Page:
A K+ sparing diuretic with weak natriuretic and antihypertensive properties inhibits the epithelial Na channel (ENaC) in the late distal convoluted tubule and connecting tubules of the nephron (where 1-2% of total Na reabsorption occurs), effectively inhibiting Na reabsorption at this point. This creates an increased osmolarity in the nephron lumen compared to the interstitium, leading to Na excretion and diuresis. Normally, Na reabsorption leads to a negative potential in the nephron lumen, causing K+ and H+ ion excretion. This is inhibited by amiloride, thus the K+ and H+ ions are spared.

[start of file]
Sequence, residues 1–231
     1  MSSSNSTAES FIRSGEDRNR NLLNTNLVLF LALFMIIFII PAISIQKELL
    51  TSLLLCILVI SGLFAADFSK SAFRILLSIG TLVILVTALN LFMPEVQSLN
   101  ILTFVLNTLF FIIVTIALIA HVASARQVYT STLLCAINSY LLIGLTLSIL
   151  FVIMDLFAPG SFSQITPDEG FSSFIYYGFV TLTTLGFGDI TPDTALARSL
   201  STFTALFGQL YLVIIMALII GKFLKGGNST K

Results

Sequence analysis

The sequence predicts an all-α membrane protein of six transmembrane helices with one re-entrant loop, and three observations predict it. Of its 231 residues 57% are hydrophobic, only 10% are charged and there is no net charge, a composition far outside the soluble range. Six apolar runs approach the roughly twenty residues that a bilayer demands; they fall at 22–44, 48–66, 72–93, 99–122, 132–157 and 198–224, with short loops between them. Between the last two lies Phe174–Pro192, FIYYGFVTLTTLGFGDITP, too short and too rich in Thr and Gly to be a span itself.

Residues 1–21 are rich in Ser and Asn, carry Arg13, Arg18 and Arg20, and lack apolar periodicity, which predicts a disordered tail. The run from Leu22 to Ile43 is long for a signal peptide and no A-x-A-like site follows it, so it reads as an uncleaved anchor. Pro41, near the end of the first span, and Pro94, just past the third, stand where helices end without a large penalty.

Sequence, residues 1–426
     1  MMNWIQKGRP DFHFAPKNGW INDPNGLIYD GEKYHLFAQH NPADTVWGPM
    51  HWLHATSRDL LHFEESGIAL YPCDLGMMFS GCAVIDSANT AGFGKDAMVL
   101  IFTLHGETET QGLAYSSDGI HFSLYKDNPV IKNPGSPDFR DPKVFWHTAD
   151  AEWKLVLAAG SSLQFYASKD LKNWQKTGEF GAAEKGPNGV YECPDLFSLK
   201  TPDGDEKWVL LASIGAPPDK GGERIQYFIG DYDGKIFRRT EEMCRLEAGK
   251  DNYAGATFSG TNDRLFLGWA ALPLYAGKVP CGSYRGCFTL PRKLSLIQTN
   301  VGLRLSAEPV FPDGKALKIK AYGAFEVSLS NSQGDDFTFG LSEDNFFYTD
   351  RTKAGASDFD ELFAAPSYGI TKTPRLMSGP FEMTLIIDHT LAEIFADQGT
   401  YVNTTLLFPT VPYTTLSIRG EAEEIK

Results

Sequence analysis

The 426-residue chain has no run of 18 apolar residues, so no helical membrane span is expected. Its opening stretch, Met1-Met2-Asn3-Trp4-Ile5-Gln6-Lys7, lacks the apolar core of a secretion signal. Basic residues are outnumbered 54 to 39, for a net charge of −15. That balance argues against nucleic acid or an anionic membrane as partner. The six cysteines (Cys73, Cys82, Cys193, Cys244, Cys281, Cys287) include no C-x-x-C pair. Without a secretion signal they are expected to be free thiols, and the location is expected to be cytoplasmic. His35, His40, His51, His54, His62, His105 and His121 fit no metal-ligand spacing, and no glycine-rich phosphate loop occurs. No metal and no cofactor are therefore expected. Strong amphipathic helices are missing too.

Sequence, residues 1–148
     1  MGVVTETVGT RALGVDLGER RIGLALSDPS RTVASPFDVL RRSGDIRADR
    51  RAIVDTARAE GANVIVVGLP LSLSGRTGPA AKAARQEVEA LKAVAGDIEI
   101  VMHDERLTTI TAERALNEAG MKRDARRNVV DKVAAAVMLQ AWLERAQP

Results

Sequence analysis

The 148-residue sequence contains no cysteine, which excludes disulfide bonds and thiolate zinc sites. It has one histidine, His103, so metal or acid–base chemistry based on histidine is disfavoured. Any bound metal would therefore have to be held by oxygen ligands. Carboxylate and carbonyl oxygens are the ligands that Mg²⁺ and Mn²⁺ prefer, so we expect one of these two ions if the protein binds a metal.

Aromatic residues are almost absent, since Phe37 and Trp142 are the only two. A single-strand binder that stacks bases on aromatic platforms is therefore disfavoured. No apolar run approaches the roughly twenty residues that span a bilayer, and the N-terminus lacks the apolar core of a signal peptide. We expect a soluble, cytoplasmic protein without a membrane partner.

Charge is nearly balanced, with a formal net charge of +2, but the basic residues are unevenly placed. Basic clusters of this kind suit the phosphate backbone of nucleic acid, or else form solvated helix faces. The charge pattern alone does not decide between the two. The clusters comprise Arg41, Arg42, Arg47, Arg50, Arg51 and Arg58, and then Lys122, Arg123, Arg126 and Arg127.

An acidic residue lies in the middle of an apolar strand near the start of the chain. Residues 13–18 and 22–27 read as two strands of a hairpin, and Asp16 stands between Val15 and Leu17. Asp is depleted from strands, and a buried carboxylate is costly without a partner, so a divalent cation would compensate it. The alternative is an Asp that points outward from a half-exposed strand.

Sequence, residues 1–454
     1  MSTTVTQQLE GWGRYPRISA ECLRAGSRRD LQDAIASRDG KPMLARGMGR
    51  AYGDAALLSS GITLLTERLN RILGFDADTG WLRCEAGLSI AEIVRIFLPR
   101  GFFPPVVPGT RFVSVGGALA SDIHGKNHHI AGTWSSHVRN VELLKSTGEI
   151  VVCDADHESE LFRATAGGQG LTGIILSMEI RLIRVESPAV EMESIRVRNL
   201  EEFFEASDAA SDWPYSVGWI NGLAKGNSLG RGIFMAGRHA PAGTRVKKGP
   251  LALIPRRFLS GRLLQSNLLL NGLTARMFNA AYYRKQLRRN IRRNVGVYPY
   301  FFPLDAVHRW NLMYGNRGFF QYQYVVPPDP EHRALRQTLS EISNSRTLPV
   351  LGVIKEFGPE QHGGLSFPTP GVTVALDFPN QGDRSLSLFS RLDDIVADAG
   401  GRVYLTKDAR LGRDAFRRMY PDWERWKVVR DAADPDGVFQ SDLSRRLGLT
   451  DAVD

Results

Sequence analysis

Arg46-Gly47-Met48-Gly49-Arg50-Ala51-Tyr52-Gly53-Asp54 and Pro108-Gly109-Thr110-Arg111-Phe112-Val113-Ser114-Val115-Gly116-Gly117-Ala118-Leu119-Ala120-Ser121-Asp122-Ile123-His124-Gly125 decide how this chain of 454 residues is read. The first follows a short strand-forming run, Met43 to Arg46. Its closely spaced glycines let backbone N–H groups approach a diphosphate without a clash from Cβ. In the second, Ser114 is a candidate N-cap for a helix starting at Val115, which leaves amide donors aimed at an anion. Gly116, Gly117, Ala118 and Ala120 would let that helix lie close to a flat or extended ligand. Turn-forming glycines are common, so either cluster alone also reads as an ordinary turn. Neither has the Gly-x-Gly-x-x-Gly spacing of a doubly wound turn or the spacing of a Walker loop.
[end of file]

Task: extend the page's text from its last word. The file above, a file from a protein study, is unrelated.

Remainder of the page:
Obviously, hyperkalemia may result from its use. Caution should be used in critically ill pts (CV disease, renal disease) where shifts in the ratio of extracellular/intracellular K+ may potentiate acidosis. Amiloride is rarely used alone and primarily used in conjunction with thiazides and loop diuretics for its potassium sparing qualities.
Finally, amiloride has been shown to decrease the enhanced urinary excretion of magnesium that occurs with the loops and thiazides.